Wednesday, October 1, 2008

African American: Black Cowboy, Wild Horses: A True Story

Lester, Julius. 1998. Black Cowboy, Wild Horses: A True Story. Illus. by Jerry Pinkney. NY: Dial Books. ISBN: 0803717873.

Bob Lemmons, a former slave now cowboy on a ranch, has the special ability to track animals. He will follow the animals. On the hunt for wild horses, Bob and his black stallion Warrior follow the horse tracks for days until he is finally accepted as one of their own and is able to become leader of the herd and brings them back to the corrals at the ranch.

Through the well crafted Black Cowboy, Wild Horse: A True Story author Julius Lester and illustrator Jerry Pinkney have introduced young readers to one of the Old West’s legendary cowboy Bob Lemmons and his ability to become a horse in order to corral the wild horses on the western plains. Lester’s text is poetically rich and full of metaphors that describe the scenery of the open plains that Lemmons travels through as he follows the mustangs, “The sky was curved as if it were a lap on which the earth lay napping like a curled cat” (p. 2) as well as the cool patience that Lemmons exude as he calmly follows the horses. The narrative is also full of action, which is especially seen when Lemmons and his horse Warrior fight the stallion leader of the wild horses. Not only does Lester tell the story in action but also the personal descriptions of both the human and animal characters in the story.

Pinkney’s illustrations both compliments and visually continues telling the story of Bob Lemmons. In double-page spreads the illustrations fills the book with wonderfully detailed watercolors. The depictions of the horses and the plains are beautifully accurate. In particular the part when Lemmons has become the leader of the herd and is now the “sky and plains and grass and river and horse” and the illustrations shows the wild horses following the cowboy across the plains and in the sky are billowing clouds that have the faint images of wild horses. Pickney’s artwork also presents the readers with various points of views in order to truly show the beauty of the horses in movement and the land that Lemmons roamed.

Though this book is about an African American cowboy that is known in America’s Wild West history, there is a very limited number of cultural markers present in the entire book. The only mention of the African American culture is when the narrative explains that “Bob had been a slave and never learned to read words” (p.5). The illustrations are the only other cultural marker that presents a depiction of Lemmons with chocolate brown skin and short curly hair. Though this could be considered a weakness in the book one must take into consideration that story is not about Lemmons himself but how he became one of the wild horses in order to bring them back to the ranch were he worked.

With the combination of Lester’s detailed and poetic narrative and Pinkey’s beautifully detailed and executed illustrations readers are able to catch a glimpse into the life of a legendary cowboy from America’s history.

Ages 5^-9. One of every three cowboys who helped tame the Wild West was either Mexican or black. This is the true story of one of the latter, Bob Lemmons. In language rich with simile and metaphor, Lester's account focuses on the former slave's uncanny tracking abilities as he trails a herd of mustangs as well as his mission to tame the wild horses and lead them back to the corral. Pinkney's earth-colored gouache and watercolor paintings add the look of the Texas plains to Lester's account and capture the energy of the horses as they gallop across sweeping, double-page spreads. Lester and Pinkney's manifest love and respect for the West and cowboys of color, whose contributions have been too long overlooked, distinguish their latest collaboration. Michael Cart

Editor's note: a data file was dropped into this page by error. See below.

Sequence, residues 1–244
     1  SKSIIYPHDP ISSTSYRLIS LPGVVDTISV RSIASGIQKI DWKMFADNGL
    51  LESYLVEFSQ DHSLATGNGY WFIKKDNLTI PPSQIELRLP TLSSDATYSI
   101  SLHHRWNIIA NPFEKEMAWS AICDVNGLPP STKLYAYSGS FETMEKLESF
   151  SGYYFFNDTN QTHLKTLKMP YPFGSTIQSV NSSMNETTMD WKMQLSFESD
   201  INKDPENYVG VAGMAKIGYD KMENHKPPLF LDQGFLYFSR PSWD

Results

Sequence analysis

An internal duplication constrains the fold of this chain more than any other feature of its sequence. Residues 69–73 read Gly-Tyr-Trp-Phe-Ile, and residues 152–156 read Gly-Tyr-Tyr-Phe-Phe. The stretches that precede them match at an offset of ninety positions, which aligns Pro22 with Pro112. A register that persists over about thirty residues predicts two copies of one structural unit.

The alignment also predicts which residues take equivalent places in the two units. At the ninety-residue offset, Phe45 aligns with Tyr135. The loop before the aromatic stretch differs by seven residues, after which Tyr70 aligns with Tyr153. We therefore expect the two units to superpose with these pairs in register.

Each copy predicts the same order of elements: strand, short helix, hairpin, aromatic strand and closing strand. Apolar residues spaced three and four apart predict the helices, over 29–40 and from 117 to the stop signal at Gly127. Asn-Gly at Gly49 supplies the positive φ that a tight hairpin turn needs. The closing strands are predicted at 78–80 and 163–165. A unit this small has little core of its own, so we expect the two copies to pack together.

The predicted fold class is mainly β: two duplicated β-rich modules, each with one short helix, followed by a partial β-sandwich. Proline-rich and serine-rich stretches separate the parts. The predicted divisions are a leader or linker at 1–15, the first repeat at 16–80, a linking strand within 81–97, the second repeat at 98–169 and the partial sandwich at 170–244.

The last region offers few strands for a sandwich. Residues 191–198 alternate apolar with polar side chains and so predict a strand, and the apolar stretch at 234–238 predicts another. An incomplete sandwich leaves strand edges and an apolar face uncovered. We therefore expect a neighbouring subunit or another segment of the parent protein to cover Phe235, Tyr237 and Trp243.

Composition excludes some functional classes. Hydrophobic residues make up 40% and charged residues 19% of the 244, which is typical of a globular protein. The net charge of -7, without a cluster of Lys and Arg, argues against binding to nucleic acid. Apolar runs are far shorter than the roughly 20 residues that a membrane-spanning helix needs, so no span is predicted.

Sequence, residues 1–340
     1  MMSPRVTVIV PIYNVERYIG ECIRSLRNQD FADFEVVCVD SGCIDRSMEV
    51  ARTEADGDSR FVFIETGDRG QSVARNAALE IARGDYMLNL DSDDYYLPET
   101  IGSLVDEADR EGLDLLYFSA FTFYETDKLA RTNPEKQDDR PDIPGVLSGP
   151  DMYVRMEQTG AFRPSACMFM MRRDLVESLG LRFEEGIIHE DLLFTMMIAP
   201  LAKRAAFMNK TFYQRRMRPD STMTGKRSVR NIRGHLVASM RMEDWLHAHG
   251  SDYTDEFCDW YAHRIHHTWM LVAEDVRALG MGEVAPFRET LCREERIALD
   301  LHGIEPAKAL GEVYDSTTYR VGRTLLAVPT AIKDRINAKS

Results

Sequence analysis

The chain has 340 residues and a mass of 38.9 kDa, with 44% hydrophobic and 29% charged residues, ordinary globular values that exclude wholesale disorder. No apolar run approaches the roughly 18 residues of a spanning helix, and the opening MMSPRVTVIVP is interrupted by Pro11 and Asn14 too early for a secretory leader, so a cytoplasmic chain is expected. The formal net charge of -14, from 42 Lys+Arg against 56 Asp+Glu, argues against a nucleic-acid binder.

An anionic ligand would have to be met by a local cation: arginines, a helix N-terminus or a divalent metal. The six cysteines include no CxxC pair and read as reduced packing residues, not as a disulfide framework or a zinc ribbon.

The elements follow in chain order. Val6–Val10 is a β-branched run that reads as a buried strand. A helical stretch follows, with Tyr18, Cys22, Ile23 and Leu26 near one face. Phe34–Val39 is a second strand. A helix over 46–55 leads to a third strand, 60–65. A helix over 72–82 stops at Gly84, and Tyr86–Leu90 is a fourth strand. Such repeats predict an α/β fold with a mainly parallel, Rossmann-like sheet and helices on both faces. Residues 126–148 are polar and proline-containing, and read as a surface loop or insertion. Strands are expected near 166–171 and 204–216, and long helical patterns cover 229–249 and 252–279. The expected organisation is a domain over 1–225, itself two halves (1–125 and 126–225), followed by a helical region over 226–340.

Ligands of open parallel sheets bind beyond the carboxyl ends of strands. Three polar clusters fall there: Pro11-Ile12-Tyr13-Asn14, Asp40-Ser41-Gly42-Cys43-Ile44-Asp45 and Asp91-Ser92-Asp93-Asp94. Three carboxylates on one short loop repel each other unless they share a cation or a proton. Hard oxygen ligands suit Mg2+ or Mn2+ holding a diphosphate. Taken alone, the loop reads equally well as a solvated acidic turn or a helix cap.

Grade 2-4APinkney and Lester add a picture-book chapter to the lore of this nation's "true West" with the retelling of a story of a wild horse hunt by the black cowboy Bob Lemmons. He and his stallion, Warrior, wander on the prairie until they find the tracks of the animals they seek. Bob then spends days in a very slow approach to the herd. Horse and rider finally join the herd and are accepted by the wild horses, until at last Bob challenges the lead stallion for control. On Warrior's back, he fights the stallion, defeats him, and then leads the animals into captivity in the ranch corral. Throughout, both text and pictures emphasize the blending of all life. The linkages between the cowboy, the animals, and the natural world are so strong that lines separating them are blurred. Lester and Pinkney's stated aims were to recast their childhood love of cowboys and the Old West with more recent historical research into the contributions of men of color, both black and Hispanic. They have done that, and achieved something else as well: youngsters will reflect on the relationships between humans and other animals. Pinkney's pictures were never better, making it all the more unfortunate that text boxes cover some of the action. Lester's overuse of metaphor is also a drawback. Still, this book will inspire heavy-duty thinking on the part of young readers.ARuth Semrau, formerly at Lovejoy School, Allen, TX Copyright 1998

CONNECTIONS *Read more about African American cowboys with books like Bill Picket: Rodeo-Ridin’ Cowboy by Andrea Davis Pinkney and illus. by Brian Pinkey.
*Read more books by Julius Lester: John Henry (illus. by Jerry Pinkney) and Sam and the Tigers: A Retelling of ‘Little Black Sambo (illus. by Jerry Pinkney).
*Read more books illustrated by Jerry Pinkney: The Patchwork Quilt (written by Valerie Flournoy) and The Talking Eggs (written by Robert D. San Souci)

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